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The Watergate Affair

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This analysis of the news media coverage will focus on the Watergateaffair which originally began on June 17, 1972 with the break-in of theDemocratic National Committee Headquarters at the prestigious Watergate officecomplex in Washington D.C.. I will primarily concentrate on the negative impactthat media coverage had to the publics eye. This media coverage, althoughjustified and appropriate for the situation, ultimately destroyed thecredibility of Nixon’s administration and the ability to run an effectivegovernment which forced the first resignation of an American president.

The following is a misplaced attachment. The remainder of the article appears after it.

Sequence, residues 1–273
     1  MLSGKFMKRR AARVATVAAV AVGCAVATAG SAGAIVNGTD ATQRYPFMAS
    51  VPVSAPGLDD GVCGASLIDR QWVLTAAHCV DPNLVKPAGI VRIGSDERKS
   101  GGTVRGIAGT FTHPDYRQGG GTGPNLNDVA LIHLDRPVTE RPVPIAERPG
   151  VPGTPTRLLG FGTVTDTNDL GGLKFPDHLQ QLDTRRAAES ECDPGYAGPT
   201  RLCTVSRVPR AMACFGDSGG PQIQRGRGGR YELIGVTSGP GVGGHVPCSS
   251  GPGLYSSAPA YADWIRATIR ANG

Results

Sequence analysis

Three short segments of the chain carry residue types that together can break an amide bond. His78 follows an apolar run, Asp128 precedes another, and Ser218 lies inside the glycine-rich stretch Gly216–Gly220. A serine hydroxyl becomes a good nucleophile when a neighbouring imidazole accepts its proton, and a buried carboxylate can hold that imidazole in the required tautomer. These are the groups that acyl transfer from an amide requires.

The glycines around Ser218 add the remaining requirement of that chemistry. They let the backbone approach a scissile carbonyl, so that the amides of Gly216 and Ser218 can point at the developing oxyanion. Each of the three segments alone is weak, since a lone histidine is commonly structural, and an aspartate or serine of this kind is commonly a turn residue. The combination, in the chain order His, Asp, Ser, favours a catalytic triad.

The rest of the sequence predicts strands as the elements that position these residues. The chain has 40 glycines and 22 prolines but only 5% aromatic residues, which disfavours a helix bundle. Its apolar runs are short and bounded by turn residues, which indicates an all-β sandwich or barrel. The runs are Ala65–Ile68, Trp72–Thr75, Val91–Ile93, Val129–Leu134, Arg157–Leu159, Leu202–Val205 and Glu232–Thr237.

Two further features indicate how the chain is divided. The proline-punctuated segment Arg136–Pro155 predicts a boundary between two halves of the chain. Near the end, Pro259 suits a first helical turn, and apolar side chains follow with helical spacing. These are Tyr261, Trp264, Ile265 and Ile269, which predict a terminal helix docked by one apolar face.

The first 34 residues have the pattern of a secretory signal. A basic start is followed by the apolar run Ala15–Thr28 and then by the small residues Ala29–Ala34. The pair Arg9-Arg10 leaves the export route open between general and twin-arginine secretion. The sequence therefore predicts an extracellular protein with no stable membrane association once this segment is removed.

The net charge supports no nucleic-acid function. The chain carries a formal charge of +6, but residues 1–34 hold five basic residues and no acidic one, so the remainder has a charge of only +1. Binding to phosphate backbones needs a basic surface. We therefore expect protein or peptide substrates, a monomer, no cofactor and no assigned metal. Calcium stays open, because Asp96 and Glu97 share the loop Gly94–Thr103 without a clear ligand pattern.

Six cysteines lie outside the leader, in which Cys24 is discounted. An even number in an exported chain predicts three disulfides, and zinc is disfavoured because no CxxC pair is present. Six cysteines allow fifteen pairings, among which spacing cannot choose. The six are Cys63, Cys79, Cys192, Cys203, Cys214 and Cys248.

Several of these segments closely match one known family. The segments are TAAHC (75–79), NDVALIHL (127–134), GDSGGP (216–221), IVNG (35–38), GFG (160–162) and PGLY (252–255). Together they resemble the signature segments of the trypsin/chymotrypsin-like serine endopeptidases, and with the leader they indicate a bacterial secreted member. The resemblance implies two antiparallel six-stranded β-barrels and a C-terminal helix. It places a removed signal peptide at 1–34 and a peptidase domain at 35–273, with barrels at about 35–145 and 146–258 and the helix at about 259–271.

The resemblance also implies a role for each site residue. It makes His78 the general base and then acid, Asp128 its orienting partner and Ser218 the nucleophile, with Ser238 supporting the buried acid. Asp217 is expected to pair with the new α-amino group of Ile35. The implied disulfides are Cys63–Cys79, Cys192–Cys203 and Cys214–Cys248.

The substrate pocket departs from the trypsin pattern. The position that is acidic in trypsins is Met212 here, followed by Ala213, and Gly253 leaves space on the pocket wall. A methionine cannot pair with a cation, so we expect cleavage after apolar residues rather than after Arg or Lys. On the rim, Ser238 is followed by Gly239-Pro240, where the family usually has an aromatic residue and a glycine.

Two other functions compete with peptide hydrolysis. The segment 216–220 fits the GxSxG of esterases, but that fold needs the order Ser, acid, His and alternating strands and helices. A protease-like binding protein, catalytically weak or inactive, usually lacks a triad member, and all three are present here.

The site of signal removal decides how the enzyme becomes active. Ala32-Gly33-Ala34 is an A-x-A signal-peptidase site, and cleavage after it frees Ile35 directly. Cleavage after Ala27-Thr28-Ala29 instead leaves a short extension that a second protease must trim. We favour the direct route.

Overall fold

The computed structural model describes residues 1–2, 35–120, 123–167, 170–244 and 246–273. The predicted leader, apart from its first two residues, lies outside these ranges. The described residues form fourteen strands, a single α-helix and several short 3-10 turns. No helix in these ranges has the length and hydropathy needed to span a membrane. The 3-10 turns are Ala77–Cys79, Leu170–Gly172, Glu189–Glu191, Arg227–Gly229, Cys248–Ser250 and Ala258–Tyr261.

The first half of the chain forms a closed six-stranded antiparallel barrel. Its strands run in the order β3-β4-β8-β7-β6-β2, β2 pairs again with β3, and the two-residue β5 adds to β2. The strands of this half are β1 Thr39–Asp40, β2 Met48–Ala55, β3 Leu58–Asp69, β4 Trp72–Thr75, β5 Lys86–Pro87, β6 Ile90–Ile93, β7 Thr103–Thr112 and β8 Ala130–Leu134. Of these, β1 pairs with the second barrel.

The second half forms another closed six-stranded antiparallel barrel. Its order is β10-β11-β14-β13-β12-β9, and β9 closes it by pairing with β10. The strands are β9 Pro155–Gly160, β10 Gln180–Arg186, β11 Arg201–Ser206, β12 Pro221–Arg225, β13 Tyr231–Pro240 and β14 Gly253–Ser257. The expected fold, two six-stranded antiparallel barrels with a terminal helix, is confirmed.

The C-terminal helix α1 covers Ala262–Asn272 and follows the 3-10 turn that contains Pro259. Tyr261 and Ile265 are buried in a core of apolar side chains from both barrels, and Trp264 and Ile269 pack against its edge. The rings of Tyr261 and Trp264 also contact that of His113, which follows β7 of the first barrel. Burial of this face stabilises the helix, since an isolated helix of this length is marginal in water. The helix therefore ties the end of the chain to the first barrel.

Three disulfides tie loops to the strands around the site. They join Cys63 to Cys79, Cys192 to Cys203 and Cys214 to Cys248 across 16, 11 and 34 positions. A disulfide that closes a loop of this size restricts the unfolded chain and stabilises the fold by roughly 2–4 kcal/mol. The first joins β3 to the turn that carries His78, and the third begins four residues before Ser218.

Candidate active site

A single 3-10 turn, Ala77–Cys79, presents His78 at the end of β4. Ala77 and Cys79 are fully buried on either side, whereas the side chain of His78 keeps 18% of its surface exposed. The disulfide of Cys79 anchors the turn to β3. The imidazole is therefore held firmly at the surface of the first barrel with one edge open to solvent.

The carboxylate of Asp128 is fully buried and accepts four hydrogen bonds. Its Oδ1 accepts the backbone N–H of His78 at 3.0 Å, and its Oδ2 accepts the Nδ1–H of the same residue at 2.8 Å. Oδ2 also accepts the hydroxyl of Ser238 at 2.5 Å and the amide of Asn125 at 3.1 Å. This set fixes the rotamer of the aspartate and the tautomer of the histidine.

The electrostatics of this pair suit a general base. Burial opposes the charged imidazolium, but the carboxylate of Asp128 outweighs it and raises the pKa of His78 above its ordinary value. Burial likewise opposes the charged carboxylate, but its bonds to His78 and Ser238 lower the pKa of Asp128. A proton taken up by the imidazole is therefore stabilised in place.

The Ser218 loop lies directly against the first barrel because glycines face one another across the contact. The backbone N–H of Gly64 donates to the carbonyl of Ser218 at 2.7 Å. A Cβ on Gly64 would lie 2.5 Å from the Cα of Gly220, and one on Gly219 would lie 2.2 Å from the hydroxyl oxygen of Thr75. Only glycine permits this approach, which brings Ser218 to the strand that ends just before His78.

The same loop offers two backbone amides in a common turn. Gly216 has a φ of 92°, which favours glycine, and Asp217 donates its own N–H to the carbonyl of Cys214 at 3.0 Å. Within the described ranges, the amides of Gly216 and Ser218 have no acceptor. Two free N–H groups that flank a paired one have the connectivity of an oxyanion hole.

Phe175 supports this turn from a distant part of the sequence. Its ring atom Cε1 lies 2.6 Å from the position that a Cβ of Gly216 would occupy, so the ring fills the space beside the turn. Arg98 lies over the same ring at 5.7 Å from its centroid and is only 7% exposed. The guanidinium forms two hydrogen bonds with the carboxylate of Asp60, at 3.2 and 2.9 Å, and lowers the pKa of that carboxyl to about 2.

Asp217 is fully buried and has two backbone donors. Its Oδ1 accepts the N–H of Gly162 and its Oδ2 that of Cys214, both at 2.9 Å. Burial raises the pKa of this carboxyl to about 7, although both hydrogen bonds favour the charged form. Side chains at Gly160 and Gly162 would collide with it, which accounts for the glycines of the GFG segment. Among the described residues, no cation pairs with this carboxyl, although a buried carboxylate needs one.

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The history of the events at hand is as follows. The NixonAdministration financed a White House Special Investigative Unit called theplumbers. This unit was initially established under John Erlichmann a top WhiteHouse aide, to plug leaks from the White House to the press and consisted offormer FBI and CIA operatives. It comes to fact that these plumbers wereinvolved in illegal break-ins and wiretapping before the Watergate scandal. OnJune 17, 1972, the night watchman at the Watergate complex discovered adhesivetape on the basement doors of the complex.